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AVE Mizar

From PlaneSpottingWorld, for aviation fans everywhere

The AVE Mizar (frequently misspelled "Mitzar", but named after the star Mizar) was a flying car built between 1971 and 1973 by Advanced Vehicle Engineers (AVE) of Oxnard, California. The company was started by Henry Smolinski, a Northrop-trained engineer.


The prototypes of the Mizar were made by mating the rear portion of a Cessna Skymaster to a Ford Pinto. The pod-and-twin-boom configuration of the Skymaster was an ideal starting point for a hybrid automobile/airplane. The passenger space and front engine of the Skymaster were removed leaving an airframe ready to attach to a small car. AVE planned to have their own airframe purpose-built by a subcontractor for production models, rather than depending on Cessna for airframes.

According to Peterson's Complete Ford Book, by mid-1973, two prototypes had been built and three more were under construction. One prototype was slated for static display at Galpin Ford, owned by AVE partner Bert Boeckmann of Sepulveda, California. The other prototype, fitted with a Teledyne Continental 210-hp engine, was unveiled to the press on May 8, 1973. It then began a series of taxi tests at Van Nuys, California. AVE made special arrangements to do flight testing at the US Navy's test facilities at Point Mugu, California. AVE stated that FAA certification flights were under way in mid-1973.

The Mizar was intended to use both the aircraft engine and the car engine for takeoff. This would considerably shorten the takeoff roll. Once in the air the car engine would be turned off. Upon landing the four-wheel braking would stop the craft in 525 feet (160 m) or less. On the ground, telescoping wing supports would be extended and the airframe would be tied down like any other aircraft. The Pinto could be quickly unbolted from the airframe and driven away.

Production was scheduled to begin in 1974. AVE stated that you could drive/fly your own Mizar off the lot for between US$18,300 and US$29,000.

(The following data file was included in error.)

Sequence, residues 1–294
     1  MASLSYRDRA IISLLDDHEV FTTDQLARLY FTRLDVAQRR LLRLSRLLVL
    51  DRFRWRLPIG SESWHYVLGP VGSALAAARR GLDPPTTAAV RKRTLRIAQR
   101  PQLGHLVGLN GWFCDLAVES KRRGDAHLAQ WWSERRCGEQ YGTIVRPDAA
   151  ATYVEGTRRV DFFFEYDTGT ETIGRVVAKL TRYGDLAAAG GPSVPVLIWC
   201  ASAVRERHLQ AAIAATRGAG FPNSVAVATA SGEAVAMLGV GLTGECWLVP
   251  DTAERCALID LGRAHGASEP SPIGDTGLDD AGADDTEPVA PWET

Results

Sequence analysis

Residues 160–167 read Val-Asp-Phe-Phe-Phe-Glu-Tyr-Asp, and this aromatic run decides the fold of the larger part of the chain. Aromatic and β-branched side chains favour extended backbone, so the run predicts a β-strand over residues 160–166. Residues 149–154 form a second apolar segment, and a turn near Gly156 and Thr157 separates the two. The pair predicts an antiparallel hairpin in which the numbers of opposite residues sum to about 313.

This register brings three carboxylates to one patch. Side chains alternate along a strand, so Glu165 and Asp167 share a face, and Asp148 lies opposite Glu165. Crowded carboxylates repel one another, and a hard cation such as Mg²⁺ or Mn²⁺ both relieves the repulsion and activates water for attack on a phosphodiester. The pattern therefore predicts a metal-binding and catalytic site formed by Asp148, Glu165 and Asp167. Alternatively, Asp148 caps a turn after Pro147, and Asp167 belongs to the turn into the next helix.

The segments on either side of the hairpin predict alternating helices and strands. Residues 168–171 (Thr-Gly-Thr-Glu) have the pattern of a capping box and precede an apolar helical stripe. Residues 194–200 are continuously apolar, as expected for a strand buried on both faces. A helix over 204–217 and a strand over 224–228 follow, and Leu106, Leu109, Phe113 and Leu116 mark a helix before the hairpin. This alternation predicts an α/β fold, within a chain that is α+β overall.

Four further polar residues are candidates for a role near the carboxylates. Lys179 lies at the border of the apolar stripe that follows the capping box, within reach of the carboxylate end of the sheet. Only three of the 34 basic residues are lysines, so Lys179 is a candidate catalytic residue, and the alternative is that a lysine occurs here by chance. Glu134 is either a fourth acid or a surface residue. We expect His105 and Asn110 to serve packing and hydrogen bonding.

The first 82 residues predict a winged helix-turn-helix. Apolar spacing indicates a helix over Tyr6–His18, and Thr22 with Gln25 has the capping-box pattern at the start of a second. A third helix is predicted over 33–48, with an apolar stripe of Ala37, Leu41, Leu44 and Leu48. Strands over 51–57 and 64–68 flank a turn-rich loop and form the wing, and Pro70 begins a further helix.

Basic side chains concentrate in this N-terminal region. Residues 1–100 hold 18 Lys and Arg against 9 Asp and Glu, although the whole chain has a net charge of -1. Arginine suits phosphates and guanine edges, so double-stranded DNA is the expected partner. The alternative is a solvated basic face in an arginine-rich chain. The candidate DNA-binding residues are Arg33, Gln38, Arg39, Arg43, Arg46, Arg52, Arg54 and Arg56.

On September 11, 1973, during a test flight at Oxnard, California, the right wing strut detached from the Pinto. Some reports say the wings folded and others say the Pinto separated from the airframe. Smolinski and the pilot, Harold Blake, were killed in the resulting fiery crash. Even though the Pinto was a light car, the total aircraft was already slightly over gross weight without passengers or fuel. One observer reported that the wing struts were attached to the car with sheet-metal screws and that, "...everything was really bad". However, in addition to poor design and loose parts, the National Transportation Safety Board reported that bad welds were partly responsible for the crash.

Specifications (AVE Mizar)

General characteristics

  • Crew: one, pilot
  • Capacity: three passengers
  • Length: ft in (m)
  • Wingspan: 38 ft 0 in (11.58 m)
  • Height: ft in ( m)
  • Wing area: 201 ft² (18.7 m²)
  • Empty: lb ( kg)
  • Loaded: lb ( kg)
  • Maximum takeoff: lb ( kg)
  • Powerplant: 1x Continental IO-360-C, 210 hp (157 kW)


  • Maximum speed: 180 mph (300 km/h)
  • Range: miles ( km)
  • Service ceiling: ft ( m)
  • Rate of climb: ft/min ( m/min)
  • Wing loading: lb/ft² ( kg/m²)
  • Power/Mass: 9.7 litre

See also

External links


  • Peterson (1973) Peterson's Complete Ford Book 3rd Edition

Related content

Related development: Cessna Skymaster

Comparable aircraft: Aerocar Aerocar - Aerauto PL.5C

Designation sequence: